Microvessel and lymphatic vessel densities (MVD and LVD, respectively) were evaluated in FFPE sections using the Weidner protocol with minor modifications, as reported previously (Durante & Filetti 2011). For assessment of MVD, vascular endothelial cells were identified with anti-CD31 antibodies; for LVD studies, lymphatic endothelial cells were identified with antibodies against podoplanin. FFPE sections were also stained with antibodies against α smooth muscle actin (a-SMA), a phenotypic marker used to identify pericytes. CD31-, podoplanin- and a-SMA-positive microvessels were counted in zones T, T/N and N.

Antibodies

Mouse monoclonal antibody against VEGFR1 (dilution 1:500), rabbit polyclonal antibody against PDGFB (1:100) and mouse monoclonal antibody against NOTCH3 (1:100) were obtained from Abcam. Rabbit monoclonal antibody against VEGFR2 (1:500) and rabbit monoclonal antibody against PDGFRa (1:500) were from Cell Signaling, and mouse monoclonal antibody against VEGFR3 (KLT9 clone) (1:50) was purchased from Novocastra-Leica Biosystems (Newcastle, UK). Antibodies against CD31 (JC70 clone), podoplanin (D2-40 clone) and a-SMA (1A4 clone) were purchased from Ventana Medical Systems, Tucson, AZ, USA).

Short interfering RNA (siRNA) silencing of RET in MTC cell lines

TT and MZ-CRC1 cells were plated at 40% confluence in 35mm dishes containing Ham’s F12 Medium (TT cells) or DMEM (MZ-CRC1 cells) supplemented with 4% FBS. Twenty-four hours later, cells were transfected with 100nmolL−1 duplex siRNAs (ON-target plus SMARTpool) against human RET (siRET; # L-003170-00) (Dharmacon, Lafayette, CO, USA) using Dharmafect reagent. Control cells (CTL) were transfected with a nontargeting pool of siRNA (# D-001206-13-05). Twenty-four and forty-eight hours after transfection, cells were harvested for analysis of angiogenic gene expression, as described below.

Angiogenic gene expression analysis

RNA for these assays was isolated with the RNeasy kit (Qiagen). The RNA concentration was measured with a NanoDrop Spectrophotometer (Thermo Fisher Scientific). RNA was retrotranscribed using the High Capacity cDNA Reverse Transcription kit (Thermo Fisher Scientific). Complementary DNA was analyzed with Taqman Gene Expression Assays-on-Demand (Thermo Fisher Scientific) to quantify the expression of VEGFA, VEGFR2, PDGFA, PDGFB, PDGFRa, PDGFRb, NOTCH1, NOTCH3, JAG1, JAG2, DLL4, HES1, HES5, HEY1, HEY2 and HEYL genes. The GADPH gene was used as an endogenous reference. Results (determined with the 2−ΔΔ method) were normalized to corresponding calibrator samples and expressed as mean±s.d. of three replicates.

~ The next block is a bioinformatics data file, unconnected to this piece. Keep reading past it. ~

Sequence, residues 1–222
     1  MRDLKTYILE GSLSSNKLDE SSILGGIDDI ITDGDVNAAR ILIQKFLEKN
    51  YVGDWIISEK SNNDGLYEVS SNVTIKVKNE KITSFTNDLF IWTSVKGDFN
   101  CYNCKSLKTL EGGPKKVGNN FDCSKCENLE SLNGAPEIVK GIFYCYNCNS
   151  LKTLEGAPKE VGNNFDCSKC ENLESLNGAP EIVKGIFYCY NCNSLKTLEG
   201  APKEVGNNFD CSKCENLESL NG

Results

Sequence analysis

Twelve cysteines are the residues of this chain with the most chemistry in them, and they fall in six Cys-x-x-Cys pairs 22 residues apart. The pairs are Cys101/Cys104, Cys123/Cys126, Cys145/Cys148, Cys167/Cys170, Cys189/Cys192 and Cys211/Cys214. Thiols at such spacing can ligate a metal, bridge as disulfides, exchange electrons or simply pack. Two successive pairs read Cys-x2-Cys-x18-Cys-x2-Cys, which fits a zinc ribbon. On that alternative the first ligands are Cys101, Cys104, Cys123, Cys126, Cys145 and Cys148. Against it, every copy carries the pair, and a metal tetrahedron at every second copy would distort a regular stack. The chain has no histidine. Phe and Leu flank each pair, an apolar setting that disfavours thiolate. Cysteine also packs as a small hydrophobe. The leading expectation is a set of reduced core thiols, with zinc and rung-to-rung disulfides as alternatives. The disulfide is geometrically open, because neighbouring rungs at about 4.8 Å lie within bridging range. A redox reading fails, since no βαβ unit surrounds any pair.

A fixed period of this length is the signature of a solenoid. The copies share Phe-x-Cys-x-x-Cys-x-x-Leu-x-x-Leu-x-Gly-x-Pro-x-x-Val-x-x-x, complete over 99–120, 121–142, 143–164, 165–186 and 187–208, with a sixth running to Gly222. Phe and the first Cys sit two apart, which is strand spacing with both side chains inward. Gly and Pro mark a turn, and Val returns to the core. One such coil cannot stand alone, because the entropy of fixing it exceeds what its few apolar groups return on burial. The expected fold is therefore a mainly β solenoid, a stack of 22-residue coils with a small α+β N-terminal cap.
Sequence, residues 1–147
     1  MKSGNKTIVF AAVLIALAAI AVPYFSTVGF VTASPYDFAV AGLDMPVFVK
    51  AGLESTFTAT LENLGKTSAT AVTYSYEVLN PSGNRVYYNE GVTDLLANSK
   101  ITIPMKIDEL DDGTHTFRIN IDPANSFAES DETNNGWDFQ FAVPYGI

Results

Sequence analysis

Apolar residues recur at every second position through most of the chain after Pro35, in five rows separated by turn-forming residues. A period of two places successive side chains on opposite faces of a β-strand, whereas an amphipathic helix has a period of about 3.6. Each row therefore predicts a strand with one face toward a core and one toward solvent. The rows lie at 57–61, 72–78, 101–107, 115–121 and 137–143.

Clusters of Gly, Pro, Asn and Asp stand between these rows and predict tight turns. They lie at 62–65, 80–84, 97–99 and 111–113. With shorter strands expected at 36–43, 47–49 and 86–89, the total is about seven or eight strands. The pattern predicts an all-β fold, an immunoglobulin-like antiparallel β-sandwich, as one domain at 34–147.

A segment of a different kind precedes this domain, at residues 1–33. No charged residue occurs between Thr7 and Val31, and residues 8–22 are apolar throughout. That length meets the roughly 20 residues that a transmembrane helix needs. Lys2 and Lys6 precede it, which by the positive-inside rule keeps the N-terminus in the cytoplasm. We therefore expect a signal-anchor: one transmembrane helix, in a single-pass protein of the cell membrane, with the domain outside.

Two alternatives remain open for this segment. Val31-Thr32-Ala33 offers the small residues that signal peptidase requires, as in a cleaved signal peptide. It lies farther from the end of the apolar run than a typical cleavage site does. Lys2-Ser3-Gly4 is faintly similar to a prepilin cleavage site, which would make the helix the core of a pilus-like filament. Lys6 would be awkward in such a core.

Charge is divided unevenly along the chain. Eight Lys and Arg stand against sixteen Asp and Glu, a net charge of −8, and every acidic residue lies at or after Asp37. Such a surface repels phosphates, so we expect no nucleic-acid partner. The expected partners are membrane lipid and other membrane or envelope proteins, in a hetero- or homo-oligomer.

Western blotting analysis and Human Phospho-RTK array

Total protein was extracted from TT and MZ-CRC1 cells using a buffer consisting of 150mmolL−1 Tris–HCl pH 7.4, 50mmolL−1 NaCl, Triton 1%, EDTA 20mmolL−1, glycerol 5%, protease inhibitor cocktail (PIERCE, Thermo Fisher Scientific), 2mmolL−1 PMSF and 2µg/mL leupeptin. RET protein was detected with monoclonal anti-RET antibody (Cell Signaling #3220) produced in rabbits (dilution 1:1000). Phosphorylated and total ERK protein were detected with monoclonal anti-phospho-ERK1/2 (Thr202/Tyr204) antibody (Cell Signaling #4370) and with monoclonal anti-ERK1/2 antibody (Cell Signaling #4695), both produced in rabbits (dilution 1:2000 and 1:1000).

Phosphorylated and total AKT proteins were detected with anti-phospho-AKT (Ser473) antibody (Cell Signaling #4058) and with anti-AKT antibody (Cell Signaling #9272), both produced in rabbits (dilution 1:1000). JAGGED1 protein was detected with anti-JAGGED1 antibody (Santa Cruz sc-8303) produced in rabbits (dilution 1:1000). DLL4 protein was detected with polyclonal anti-DLL4 antibody (Abcam ab176876) produced in rabbits (dilution 1:1000). Tubulin was detected with monoclonal antitubulin antibody (Santa Cruz sc-5286) produced in mice (dilution 1:5000).

The protein lysates were also hybridized on Human Phospho-RTK array membranes (R&D Systems) to assess the phosphorylation levels of RET, VEGFRs and PDGFRs. The average signal (pixel density) of the pair of duplicate spots of each RTK was normalized to the negative control spots used as background value. Phosphorylated RTKs were detected using chemiluminescence with Clarity Western ECL substrate (BIO-RAD) and a charge-coupled device camera (Chemidoc, Bio-Rad). Data were analyzed with Image Lab software (Bio-Rad).

Statistical analysis